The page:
Does Microsoft Entra multifactor authentication throttle user sign-ins?

Yes, in certain cases that typically involve repeated authentication requests in a short time window, Microsoft Entra multifactor authentication will throttle user sign-in attempts to protect telecommunication networks, mitigate MFA fatigue-style attacks and protect its own systems for the benefit of all customers.

Although we don't share specific throttling limits, they are based around reasonable usage.

Is my organization charged for sending the phone calls and text messages that are used for authentication?

No, you're not charged for individual phone calls placed or text messages sent to users through Microsoft Entra multifactor authentication. If you use a per-authentication MFA provider, you're billed for each authentication, but not for the method used.

Your users might be charged for the phone calls or text messages they receive, according to their personal phone service.

Does the per-user billing model charge me for all enabled users, or just the ones that performed two-step verification?

Billing is based on the number of users configured to use multifactor authentication, regardless of whether they performed two-step verification that month.

How does multifactor authentication billing work?

When you create a per-user or per-authentication MFA provider, your organization's Azure subscription is billed monthly based on usage. This billing model is similar to how Azure bills for usage of virtual machines and Web Apps.

When you purchase a subscription for Microsoft Entra multifactor authentication, your organization only pays the annual license fee for each user. MFA licenses and Microsoft 365, Microsoft Entra ID P1 or P2, or Enterprise Mobility + Security bundles are billed this way.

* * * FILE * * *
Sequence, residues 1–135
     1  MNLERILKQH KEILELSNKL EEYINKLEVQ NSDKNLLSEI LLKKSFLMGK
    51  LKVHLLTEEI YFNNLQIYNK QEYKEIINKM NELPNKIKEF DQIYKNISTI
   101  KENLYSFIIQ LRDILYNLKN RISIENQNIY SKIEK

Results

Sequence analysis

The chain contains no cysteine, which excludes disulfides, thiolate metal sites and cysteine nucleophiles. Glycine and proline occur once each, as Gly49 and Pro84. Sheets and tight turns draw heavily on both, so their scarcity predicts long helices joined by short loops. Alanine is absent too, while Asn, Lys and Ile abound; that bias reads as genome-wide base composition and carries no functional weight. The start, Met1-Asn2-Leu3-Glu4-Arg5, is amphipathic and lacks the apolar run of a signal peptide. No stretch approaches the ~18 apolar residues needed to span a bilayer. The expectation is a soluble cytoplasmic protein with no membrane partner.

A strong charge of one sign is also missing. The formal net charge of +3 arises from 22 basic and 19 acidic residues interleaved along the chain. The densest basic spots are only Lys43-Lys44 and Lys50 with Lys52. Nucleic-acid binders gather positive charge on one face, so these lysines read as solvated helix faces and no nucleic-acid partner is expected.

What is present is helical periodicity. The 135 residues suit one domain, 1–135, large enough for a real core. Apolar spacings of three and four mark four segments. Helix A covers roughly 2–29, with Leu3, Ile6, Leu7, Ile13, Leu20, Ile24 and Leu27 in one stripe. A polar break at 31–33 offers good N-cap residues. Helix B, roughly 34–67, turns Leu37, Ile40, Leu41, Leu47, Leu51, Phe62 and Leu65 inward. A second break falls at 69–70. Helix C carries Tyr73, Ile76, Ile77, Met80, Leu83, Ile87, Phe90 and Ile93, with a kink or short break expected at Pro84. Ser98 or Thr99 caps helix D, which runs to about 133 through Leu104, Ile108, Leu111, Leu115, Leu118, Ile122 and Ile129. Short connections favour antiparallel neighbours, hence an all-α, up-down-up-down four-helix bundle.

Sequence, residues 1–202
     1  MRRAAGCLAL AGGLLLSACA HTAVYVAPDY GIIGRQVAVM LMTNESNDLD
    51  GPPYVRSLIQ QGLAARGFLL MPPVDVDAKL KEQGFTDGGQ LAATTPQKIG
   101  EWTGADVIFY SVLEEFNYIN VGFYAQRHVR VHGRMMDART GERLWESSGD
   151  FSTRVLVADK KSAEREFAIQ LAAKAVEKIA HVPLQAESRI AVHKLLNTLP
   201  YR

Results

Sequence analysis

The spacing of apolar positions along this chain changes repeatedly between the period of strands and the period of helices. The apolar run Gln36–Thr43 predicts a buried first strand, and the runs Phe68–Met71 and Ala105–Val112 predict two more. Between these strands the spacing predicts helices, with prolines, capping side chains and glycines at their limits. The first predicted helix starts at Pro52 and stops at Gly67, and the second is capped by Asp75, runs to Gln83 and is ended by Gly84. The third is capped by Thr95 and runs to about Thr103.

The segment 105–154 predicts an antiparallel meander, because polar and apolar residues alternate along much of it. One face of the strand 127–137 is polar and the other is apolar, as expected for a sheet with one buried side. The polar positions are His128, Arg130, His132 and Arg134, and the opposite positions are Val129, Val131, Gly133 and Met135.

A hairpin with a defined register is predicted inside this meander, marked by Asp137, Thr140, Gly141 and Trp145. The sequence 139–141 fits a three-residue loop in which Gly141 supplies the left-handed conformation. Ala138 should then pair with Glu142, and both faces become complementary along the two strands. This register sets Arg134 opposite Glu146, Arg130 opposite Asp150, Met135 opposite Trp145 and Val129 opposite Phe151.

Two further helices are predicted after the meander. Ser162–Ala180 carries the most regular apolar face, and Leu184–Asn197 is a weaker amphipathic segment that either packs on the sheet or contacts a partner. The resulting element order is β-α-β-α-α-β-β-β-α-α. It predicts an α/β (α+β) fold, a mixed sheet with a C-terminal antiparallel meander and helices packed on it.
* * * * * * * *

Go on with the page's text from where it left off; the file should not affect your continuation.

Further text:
For more information, see How to get Microsoft Entra multifactor authentication.

Is there a free version of Microsoft Entra multifactor authentication?

Security defaults can be enabled in the Microsoft Entra ID Free tier. With security defaults, all users are enabled for multifactor authentication using the Microsoft Authenticator app. There's no ability to use text message or phone verification with security defaults, just the Microsoft Authenticator app.

For more information, see What are security defaults?

Can my organization switch between per-user and per-authentication consumption billing models at any time?

If your organization purchases MFA as a standalone service with consumption-based billing, you choose a billing model when you create an MFA provider. You can't change the billing model after an MFA provider is created.

If your MFA provider is not linked to a Microsoft Entra tenant, or you link the new MFA provider to a different Microsoft Entra tenant, user settings, and configuration options aren't transferred. Also, existing MFA Servers need to be reactivated using activation credentials generated through the new MFA Provider. Reactivating the MFA Servers to link them to the new MFA Provider doesn't impact phone call and text message authentication, but mobile app notifications will stop working for all users until they reactivate the mobile app.